Plant-based and pretty special; the small plates of Slaw…

Eat the rainbow. Words we’ve tried so hard and so virtuously and so strenuously to live by in recent years that sometimes, the joy seems to have seeped out of mealtimes because let’s be clear, there is no place in this world for undressed leaves. Frankly we have enough to deal with right now without naked cabbage rearing its unadorned head.

Now it’s more like eat the frickin’ kaleidoscope and what an unbridled, uncomplicated, unabashed joy that is to do when places like Slaw make it so easy. Plant-based bowls, flushed with colour and alive with texture, are characteristic of the small, stylish restaurant that opened earlier this year, mere feet from similarly vegan sibling Wild Food Café.

Starting life as a series of supper clubs and opening on Islington’s Upper Street in February, Slaw’s ambition is to make plant-based food both realistic and accessible through the clever handling of fresh, simple ingredients and it’s fantastic to see it sailing past its original predicted residency of five months.

Understated in design, bold in delivery, warm in service, Slaw possesses a quietly assured menu that subtly transforms itself with the changing of the seasons outside; strapping spears of tender early summer asparagus gave way only recently to defiantly blousy legs of broccoli nestled with peas, quinoa and pickled radish.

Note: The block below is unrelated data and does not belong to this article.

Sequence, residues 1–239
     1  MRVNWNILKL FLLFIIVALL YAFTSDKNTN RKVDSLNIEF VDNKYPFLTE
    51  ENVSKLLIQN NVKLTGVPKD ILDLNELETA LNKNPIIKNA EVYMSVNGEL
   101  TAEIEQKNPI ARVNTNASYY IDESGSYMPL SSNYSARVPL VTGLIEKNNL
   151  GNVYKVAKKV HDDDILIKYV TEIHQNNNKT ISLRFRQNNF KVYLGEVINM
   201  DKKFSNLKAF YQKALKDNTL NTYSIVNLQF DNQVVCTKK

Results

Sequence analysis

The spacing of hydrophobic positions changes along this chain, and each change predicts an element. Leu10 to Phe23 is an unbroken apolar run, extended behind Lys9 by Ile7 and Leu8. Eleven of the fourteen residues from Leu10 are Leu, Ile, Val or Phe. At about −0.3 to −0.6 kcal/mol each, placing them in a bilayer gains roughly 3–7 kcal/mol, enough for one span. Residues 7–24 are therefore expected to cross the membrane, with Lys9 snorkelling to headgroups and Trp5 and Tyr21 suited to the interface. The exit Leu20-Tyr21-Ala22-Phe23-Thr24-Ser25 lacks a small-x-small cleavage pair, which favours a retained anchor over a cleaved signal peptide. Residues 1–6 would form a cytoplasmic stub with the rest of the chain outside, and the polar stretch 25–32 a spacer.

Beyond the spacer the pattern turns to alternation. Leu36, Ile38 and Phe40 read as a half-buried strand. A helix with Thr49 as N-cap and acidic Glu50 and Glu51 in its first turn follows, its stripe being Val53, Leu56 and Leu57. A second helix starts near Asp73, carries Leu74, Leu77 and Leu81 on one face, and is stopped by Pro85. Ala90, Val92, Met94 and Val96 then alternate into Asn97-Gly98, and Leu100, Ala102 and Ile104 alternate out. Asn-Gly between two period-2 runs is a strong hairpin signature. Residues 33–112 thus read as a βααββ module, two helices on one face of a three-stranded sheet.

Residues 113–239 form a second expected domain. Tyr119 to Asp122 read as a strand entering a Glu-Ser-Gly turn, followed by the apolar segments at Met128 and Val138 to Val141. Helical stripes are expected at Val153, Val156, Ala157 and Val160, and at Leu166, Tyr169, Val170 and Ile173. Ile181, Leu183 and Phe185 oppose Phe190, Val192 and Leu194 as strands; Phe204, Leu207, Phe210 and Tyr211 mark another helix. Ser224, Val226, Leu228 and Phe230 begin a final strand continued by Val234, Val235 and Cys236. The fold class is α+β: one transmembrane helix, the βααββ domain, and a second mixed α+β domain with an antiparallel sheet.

Small plates are designed to be shared so after starting with pillowy slabs of salt speckled, golden crusted, house made focaccia that’s exactly what we did, picking all the dishes on offer and hesitating only at the mushrooms. Sorry guys but unless they’re squishy, rolled in coconut and found in the local multi-screen pick’n’mix, I can’t get on board with the fungi.

Carrots arrive roasted, pickled and laying across dollops of carrot hummus like the tastiest pile of edible pick-up sticks imaginable. Showcasing the restaurants root-to-stem ethos means the pesto dashed across the top is made from feathery carrot tops and a tangy crumb made from hazelnuts and rye delivers a crunch that lingers nicely making this a must-order.

Beetroot dahl is thick, silky and as pink as Barbie’s dream sports car with a sweet, earthy bite to the lentils that stops it from descending into mush. Topped with a glossy puddle of cucumber raita, this is the dish that chewy, puffy flatbreads were made for scooping up…

…as is the star of the evening – dukkah sprinkled, roasted cherry tomatoes and aubergine with nutty black rice lazily paddling around in a pool of spiced plum tomato sauce. Dreamily creamy with layers of deep, sweet, almost smoky flavour, this is a new take on summers’ bounty of tomatoes that will have you scraping the dish for every last smudge of vivid terracotta.

Florets of cauliflower are tinted golden yellow, fragrant with spices, softly spiked with flaked almonds and draped with a bright, grassy coriander dressing that stops this from being just another Middle Eastern ode to the humble cauli.

The loveliest thing about Slaw is that whilst some of their dishes are aspirational and unlikely to be replicated in your own kitchen, others, like the cauliflower, are easy to imagine throwing together with confidence for a mid-week supper and that’s brilliant because that’s what the best places should do. Deliver food that tastes great and gives you a break from your own dining table but also encourage you to think about how you can take inspiration from their menu for another night.

The current vegan landscape of London is vast and at times it’s unforgiving to those dipping a toe into the waters of plant-based cooking but the honest and passionate exploration of vegetables apparent at Slaw is something to be sought out and celebrated.

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